One of the films that made Kevin Costner a star also is one of the best movie versions of a television series to date.
“The Untouchables” — which EPIX shows Tuesday, Oct. 19, while it streams this month on Hulu — was part of a one-two punch, along with “No Way Out,” for Kevin Costner in the summer of 1987. Robert Stack had major TV success from 1959 to 1963 with the role of Prohibition-era agent Eliot Ness, but with the assistance of director Brian De Palma and screenwriter David Mamet, Costner redefined the true-life law enforcer as a more vulnerable figure in his pursuit of legendary mobster Al Capone.
The latter part gives Costner a hugely formidable acting match in Robert De Niro, and though their scenes together are limited, the impact of those moments is palpable. That’s not the only case of a veteran actor making a big impact here, either: Sean Connery earned an Oscar as Jimmy Malone, a streetwise Chicago cop who gives Ness a big advantage by joining his small and specially selected team.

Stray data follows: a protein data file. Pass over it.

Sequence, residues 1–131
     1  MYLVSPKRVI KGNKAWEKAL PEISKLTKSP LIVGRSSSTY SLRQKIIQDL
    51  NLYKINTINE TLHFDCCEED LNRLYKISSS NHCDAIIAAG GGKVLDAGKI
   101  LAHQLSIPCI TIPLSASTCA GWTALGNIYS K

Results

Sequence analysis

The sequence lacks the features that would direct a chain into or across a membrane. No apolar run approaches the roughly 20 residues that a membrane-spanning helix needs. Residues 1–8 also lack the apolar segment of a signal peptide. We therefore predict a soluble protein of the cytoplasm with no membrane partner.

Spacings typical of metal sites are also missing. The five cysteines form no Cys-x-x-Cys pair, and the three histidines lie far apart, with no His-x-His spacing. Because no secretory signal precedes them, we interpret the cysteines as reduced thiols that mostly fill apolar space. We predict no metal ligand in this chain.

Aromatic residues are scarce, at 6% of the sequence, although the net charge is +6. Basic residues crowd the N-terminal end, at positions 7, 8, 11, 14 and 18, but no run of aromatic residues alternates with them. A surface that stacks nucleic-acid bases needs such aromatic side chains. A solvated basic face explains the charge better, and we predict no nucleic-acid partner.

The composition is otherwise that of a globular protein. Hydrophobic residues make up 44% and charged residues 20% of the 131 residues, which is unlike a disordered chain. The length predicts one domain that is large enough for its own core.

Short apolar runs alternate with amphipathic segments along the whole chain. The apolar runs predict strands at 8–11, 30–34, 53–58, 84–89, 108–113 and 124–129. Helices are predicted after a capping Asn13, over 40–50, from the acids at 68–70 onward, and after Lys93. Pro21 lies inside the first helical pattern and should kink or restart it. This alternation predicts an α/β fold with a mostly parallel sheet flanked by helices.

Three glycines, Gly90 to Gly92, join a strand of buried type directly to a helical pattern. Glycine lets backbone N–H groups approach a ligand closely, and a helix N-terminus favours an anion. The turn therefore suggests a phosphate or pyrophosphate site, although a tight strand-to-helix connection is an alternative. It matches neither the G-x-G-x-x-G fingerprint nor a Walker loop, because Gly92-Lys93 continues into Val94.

Andy Garcia and Charles Martin Smith are the other members of Ness’ so-called “Untouchables,” and along with Costner and Connery, the unlikely combination of crimebusters gives the picture a lot of its appeal. There’s great pleasure to be had from seeing Connery’s crusty Malone educate Costner’s relatively genteel Ness in “the Chicago way” of dealing with enemies, while there’s just as much enjoyment in seeing Ness use crafty psychology to turn things his way … which isn’t to say he doesn’t resort to brute force when deemed necessary.
The sequence that “The Untouchables” is most noted for remains stunning to watch now. A shootout unfolds on the steps of Union Station as a baby carriage — complete with adorable infant inside — bounces downward amid a hail of bullets, and the choreography among the players, the cinematography by Stephen H. Burum and the editing by Jerry Greenberg and Bill Pankow are remarkable. The scene has been much-spoofed over the years, a measure of just how iconic it is; noteworthy, too, is the music score by the legendary Ennio Morricone.
Both the movie and TV versions of “The Untouchables” have roots in the memoir Ness wrote (with collaborator Oscar Fraley) about his exploits, and though dramatic license is taken in both cases, the results are true to the spirit of the lawman’s crusade to clean up the Windy City. And while he’s had his hits and misses, in both the independent and big-studio realms, the film stands as one of the triumphs of De Palma’s career.